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Melbourne: Measles

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    Posted: March 26 2018 at 5:14am

Health Department issues measles warning as outbreak worsens

Starts at 60 Writers Health 3 hours ago

Six new cases of measles have been linked to a passenger on a flight to Melbourne from Malaysia earlier this month. 

The Victorian Department of Health and Human Services has since issued a warning for all travellers who collected their luggage from the international baggage area on the morning of Wednesday March 7, when the AirAsia flight D7214 from Kuala Lumpur arrived. 

The passenger, a 40-year-old Australian man, became unwell on the flight and went straight to hospital where the illness was diagnosed. 

Victoria’s Deputy Chief Health Officer, Dr Brett Sutton said the newly-confirmed cases had been in the international baggage collection area between 9.30am and midday. 

“None of these were on the same flight, but we believe they fell ill because they were in the baggage area at the same time as the index case,” Sutton said.

The department said the new cases are a baby too young to be immunised and five adults ranging in age from 20 to 60. 

Measles is a highly infectious viral disease that can cause serious illness, particularly in very young children and adults. The illness usually begins with common cold symptoms such as runny nose, red eyes, and a cough, followed by fever and rash.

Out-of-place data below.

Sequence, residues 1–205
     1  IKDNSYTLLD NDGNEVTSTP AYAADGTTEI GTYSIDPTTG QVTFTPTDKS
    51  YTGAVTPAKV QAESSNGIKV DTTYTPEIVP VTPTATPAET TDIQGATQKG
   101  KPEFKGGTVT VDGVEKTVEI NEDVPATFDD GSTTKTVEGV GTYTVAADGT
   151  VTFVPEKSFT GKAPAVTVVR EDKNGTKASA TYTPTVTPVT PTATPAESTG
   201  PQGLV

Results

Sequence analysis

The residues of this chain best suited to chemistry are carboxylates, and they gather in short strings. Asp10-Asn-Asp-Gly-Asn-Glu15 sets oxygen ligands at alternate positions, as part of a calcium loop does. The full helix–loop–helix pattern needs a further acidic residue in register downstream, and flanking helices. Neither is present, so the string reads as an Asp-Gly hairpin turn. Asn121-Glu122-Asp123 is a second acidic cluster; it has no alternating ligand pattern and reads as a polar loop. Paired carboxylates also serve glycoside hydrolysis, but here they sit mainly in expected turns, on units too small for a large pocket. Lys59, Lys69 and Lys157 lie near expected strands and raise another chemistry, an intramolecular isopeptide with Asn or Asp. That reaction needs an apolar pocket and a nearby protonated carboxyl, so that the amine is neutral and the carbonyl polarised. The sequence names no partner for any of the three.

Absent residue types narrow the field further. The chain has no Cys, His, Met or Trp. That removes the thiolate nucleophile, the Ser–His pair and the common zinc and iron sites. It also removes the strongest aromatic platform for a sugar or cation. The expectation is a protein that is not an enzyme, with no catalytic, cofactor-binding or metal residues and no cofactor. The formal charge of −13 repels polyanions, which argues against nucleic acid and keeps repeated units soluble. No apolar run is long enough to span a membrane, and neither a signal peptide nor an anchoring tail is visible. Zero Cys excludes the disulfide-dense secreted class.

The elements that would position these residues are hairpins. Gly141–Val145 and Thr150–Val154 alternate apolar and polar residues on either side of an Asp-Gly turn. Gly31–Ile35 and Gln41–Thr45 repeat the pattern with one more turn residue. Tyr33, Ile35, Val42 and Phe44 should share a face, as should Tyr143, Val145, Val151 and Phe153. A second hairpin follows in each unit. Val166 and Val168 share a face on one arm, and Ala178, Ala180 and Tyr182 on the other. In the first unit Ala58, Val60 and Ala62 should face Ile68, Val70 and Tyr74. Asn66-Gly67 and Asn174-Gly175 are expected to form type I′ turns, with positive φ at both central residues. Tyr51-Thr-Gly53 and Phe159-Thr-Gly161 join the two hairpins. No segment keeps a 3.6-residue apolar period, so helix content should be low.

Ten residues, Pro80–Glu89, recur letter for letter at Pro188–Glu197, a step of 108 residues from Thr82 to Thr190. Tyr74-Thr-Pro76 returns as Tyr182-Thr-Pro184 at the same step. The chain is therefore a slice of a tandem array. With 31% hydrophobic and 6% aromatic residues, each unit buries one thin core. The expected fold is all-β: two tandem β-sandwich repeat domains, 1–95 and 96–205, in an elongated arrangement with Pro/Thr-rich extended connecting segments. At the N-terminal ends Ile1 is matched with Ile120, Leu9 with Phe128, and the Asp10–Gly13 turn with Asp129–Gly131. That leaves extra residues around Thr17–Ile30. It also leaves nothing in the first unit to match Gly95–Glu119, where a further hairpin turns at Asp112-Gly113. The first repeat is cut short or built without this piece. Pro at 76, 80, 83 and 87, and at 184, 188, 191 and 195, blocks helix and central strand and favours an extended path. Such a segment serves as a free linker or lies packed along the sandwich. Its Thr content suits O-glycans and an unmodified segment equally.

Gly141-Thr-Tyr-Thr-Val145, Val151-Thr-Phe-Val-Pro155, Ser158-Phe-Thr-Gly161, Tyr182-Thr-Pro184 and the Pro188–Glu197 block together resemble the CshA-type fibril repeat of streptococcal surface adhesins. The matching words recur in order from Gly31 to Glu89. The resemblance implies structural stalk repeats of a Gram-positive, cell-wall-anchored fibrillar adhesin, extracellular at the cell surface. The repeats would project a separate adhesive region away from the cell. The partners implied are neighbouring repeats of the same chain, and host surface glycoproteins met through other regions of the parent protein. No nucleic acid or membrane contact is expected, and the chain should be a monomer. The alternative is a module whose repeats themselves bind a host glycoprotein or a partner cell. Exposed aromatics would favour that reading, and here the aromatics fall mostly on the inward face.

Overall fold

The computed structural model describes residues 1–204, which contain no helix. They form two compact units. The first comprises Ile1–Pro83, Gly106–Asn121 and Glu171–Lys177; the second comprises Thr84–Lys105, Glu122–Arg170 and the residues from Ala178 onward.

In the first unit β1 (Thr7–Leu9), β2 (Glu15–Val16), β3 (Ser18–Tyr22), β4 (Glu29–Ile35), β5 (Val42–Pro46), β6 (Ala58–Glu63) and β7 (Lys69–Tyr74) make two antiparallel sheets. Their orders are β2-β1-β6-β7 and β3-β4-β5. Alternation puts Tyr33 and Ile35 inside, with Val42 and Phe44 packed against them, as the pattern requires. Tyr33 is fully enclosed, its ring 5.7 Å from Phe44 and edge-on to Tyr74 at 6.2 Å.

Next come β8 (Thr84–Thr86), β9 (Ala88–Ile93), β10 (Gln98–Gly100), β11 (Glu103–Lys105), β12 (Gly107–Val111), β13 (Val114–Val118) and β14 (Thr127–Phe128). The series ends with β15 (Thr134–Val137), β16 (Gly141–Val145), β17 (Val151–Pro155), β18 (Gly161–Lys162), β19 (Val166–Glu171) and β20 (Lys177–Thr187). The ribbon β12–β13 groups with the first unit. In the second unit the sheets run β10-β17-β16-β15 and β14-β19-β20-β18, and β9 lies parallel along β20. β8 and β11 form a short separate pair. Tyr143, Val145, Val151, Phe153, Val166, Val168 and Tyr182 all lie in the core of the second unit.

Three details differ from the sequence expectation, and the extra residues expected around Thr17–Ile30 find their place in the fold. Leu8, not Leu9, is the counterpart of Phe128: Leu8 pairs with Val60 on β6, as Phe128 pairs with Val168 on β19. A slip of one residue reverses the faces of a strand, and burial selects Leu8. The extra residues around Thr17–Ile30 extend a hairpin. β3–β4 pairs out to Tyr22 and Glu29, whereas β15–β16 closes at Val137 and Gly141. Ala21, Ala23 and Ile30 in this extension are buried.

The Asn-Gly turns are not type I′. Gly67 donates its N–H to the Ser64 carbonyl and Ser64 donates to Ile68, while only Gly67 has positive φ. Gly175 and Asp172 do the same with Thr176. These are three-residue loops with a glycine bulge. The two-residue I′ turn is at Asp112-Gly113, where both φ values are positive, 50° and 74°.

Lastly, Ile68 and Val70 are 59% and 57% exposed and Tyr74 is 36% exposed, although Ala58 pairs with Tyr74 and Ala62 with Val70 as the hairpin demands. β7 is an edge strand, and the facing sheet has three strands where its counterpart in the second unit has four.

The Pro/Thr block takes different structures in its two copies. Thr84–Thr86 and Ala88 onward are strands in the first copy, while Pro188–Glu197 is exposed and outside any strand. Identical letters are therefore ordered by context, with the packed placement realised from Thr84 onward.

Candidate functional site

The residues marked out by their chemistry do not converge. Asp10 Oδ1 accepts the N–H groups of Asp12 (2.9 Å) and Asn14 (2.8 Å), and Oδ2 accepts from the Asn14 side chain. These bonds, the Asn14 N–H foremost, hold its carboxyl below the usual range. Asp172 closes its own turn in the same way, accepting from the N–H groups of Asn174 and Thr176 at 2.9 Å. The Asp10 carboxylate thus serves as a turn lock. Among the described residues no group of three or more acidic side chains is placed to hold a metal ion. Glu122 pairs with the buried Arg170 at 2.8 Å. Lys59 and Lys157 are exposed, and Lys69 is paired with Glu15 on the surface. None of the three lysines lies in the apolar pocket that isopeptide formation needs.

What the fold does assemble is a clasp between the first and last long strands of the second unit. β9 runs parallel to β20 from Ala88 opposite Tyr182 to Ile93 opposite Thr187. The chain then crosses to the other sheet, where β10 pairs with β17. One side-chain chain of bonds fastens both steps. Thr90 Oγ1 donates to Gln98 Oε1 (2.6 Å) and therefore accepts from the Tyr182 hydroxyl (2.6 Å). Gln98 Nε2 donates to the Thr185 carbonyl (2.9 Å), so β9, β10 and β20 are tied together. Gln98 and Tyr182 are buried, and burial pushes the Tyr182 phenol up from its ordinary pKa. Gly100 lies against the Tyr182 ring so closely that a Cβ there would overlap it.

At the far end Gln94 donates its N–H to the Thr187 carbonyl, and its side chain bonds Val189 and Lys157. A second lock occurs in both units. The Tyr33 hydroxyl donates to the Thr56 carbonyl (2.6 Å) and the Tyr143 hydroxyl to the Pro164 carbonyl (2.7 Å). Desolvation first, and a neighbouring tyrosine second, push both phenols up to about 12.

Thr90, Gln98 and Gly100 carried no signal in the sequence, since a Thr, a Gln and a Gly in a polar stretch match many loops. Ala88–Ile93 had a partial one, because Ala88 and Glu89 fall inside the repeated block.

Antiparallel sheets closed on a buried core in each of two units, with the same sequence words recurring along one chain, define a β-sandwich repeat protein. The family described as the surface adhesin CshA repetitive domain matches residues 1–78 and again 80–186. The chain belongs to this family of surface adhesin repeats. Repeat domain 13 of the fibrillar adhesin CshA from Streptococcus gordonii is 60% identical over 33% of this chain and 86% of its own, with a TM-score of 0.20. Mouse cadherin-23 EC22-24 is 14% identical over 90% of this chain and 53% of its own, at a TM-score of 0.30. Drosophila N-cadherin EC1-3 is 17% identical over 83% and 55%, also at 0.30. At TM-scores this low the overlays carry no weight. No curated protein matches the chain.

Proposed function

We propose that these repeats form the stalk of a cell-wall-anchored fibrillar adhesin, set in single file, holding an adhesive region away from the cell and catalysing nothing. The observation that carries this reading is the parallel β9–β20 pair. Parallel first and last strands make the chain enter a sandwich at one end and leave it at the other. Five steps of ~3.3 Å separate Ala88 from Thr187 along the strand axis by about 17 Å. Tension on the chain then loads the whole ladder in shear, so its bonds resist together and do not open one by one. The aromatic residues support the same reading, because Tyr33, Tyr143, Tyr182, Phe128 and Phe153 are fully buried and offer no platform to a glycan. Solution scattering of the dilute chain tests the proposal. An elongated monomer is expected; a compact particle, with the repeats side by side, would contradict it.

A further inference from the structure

“The characteristic measles rash usually begins 3-7 days after the first symptoms, generally starting on the face and then spreading to the rest of the body,” Sutton said. 

“Anyone developing symptoms is advised to ring ahead to their general practitioner or hospital first and tell them that they may have measles so that appropriate steps can be taken to avoid contact with other patients.”

The illness is now uncommon in Australia because of the widespread use of the measles vaccine. However, the department said anyone unvaccinated is at risk of contracting the disease. Most cases involve people aged between 26 and 52, as this group has lower immunisation coverage.

“All adults born during or since 1966 who have not received two doses of measles-containing vaccine should see their GP before travelling overseas,to check their records and get vaccinated. Measles vaccine is not just a childhood vaccine: it’s a travel vaccine,” Sutton said.


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